Characterization of condensed phase beryllium species in the presence of aluminium and silicon matrices during electrothermal heating on graphite and tungsten platforms

Castro, M.A. and Aller, A.J. and Faulds, K. and Littlejohn, D. (2011) Characterization of condensed phase beryllium species in the presence of aluminium and silicon matrices during electrothermal heating on graphite and tungsten platforms. Journal of Analytical Atomic Spectrometry, 26 (9). pp. 1722-1732. ISSN 0267-9477

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Abstract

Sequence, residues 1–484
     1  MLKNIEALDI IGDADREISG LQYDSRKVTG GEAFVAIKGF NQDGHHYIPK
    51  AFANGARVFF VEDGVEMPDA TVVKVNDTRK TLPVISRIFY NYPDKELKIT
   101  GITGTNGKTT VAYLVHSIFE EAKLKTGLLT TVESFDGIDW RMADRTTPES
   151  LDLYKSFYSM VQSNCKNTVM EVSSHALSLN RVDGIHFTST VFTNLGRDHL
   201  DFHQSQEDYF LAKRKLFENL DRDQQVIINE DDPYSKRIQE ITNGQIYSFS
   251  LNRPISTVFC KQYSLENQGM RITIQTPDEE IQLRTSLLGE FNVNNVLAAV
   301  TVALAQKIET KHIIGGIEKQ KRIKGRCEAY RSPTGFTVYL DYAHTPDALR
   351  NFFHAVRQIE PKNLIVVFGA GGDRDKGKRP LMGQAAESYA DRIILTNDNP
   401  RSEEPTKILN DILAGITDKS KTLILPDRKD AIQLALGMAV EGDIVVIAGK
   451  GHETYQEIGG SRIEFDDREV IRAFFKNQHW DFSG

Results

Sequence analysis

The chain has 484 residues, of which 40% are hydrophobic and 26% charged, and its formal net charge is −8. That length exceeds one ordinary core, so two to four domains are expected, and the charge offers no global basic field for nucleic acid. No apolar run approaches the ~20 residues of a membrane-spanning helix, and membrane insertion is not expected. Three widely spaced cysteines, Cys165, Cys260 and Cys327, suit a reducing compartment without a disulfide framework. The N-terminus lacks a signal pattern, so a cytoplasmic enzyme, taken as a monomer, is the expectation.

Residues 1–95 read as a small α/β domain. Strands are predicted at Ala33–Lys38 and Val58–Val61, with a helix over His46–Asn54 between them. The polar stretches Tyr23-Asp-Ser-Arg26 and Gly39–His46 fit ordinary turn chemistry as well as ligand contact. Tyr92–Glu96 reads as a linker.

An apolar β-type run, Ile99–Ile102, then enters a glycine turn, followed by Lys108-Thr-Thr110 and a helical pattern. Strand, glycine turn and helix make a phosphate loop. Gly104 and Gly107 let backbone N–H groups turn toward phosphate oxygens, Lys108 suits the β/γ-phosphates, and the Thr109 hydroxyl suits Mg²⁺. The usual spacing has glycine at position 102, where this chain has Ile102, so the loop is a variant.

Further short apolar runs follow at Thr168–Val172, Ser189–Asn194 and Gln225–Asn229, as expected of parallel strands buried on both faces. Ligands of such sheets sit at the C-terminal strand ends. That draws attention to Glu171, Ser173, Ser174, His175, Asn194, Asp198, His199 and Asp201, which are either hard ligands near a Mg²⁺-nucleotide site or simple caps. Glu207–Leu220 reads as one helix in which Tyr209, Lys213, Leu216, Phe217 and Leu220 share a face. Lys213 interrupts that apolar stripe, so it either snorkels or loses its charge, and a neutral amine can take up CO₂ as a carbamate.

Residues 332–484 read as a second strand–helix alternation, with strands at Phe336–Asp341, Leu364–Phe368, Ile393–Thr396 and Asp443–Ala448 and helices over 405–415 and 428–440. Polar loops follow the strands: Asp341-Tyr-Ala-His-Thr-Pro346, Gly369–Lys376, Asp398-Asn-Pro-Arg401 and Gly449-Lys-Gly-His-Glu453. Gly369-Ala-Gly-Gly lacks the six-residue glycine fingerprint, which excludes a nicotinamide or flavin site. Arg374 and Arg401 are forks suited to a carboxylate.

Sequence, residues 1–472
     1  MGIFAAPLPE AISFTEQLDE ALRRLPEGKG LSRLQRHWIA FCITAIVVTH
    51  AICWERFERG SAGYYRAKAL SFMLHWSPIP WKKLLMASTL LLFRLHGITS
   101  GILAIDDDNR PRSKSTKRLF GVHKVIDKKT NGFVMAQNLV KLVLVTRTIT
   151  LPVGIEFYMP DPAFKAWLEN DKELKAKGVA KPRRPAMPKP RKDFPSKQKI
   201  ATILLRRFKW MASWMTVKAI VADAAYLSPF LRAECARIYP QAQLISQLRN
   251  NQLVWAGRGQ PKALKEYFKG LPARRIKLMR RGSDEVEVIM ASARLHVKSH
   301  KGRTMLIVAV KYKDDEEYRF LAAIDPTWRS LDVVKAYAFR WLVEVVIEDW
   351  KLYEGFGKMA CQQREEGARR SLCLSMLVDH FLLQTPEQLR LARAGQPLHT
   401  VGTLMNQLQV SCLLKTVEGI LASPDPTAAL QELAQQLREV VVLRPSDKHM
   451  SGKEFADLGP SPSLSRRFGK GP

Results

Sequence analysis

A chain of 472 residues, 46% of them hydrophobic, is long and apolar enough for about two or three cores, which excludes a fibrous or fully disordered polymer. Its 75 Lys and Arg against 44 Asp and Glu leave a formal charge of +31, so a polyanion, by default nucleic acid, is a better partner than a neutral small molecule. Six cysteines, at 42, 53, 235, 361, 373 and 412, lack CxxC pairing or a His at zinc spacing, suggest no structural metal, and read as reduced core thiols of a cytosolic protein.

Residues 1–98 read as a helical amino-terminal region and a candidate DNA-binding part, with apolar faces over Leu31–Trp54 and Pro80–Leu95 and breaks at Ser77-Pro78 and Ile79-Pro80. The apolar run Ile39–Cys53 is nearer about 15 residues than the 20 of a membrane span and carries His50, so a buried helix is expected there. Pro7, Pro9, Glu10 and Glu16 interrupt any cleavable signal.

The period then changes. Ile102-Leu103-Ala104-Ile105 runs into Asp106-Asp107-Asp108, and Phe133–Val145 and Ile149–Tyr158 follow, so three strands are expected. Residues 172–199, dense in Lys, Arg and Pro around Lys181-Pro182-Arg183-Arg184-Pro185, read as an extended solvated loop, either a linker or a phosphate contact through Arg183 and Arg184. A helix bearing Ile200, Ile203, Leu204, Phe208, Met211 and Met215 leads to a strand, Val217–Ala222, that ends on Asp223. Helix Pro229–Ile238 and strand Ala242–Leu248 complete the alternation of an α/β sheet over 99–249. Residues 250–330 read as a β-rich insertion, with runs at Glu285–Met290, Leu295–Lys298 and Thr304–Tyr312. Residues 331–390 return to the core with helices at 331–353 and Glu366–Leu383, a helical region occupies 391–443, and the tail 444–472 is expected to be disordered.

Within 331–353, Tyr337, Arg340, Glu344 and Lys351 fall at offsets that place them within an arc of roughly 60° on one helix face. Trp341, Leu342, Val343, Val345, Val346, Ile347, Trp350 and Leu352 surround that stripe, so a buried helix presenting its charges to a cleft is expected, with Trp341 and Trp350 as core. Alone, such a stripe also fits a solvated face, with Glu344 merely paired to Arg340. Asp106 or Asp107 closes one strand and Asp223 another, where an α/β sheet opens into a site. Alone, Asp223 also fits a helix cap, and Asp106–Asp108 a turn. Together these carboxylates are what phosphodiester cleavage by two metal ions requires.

Condensed phase beryllium species occurring on graphite and tungsten platforms in the presence of aluminium and silicon matrices were characterised over a wide temperature range. The solid residue was viewed by scanning electron microscopy (SEM), while the chemical composition was probed by energy dispersive (ED) X-ray spectrometry (XRS), Fourier transform-infrared (FT-IR) spectrometry and Raman microanalysis. Beryllium oxide phases were found to be the predominant species over a wide temperature range, persisting up to about 1800 degrees C on the graphite platform. Beryllium metal species were also identified at high temperatures (1500 degrees C), but the transformation of beryllium oxide to beryllium was influenced by the amount and localised behaviour of concomitant species on the platform surface. For graphite platform atomisation, aluminium and silicon concomitants are present as metal oxides. Other silicon species, such as silicon carbide, were found mainly at temperatures above 900 degrees C. Little or no beryllium oxide was found on tungsten platforms up to 1800 degrees C, although there was evidence of some beryllium alloyed to tungsten. Tungsten from the platform supports some hydration forming different tungsten oxidation states (W6+, W5+, W4+). Also, at 900 degrees C, silicon was present as an oxide, but also as elemental silicon, silicon carbide, and silicon alloyed to tungsten forming tungsten disilicide at the surface interface. When tungsten platform atomisation was used for samples containing silicon, evidence of degradation of the graphite tube through formation of carbon clusters and nanostructures was more easily noticeable and evaluated by Raman spectrometry.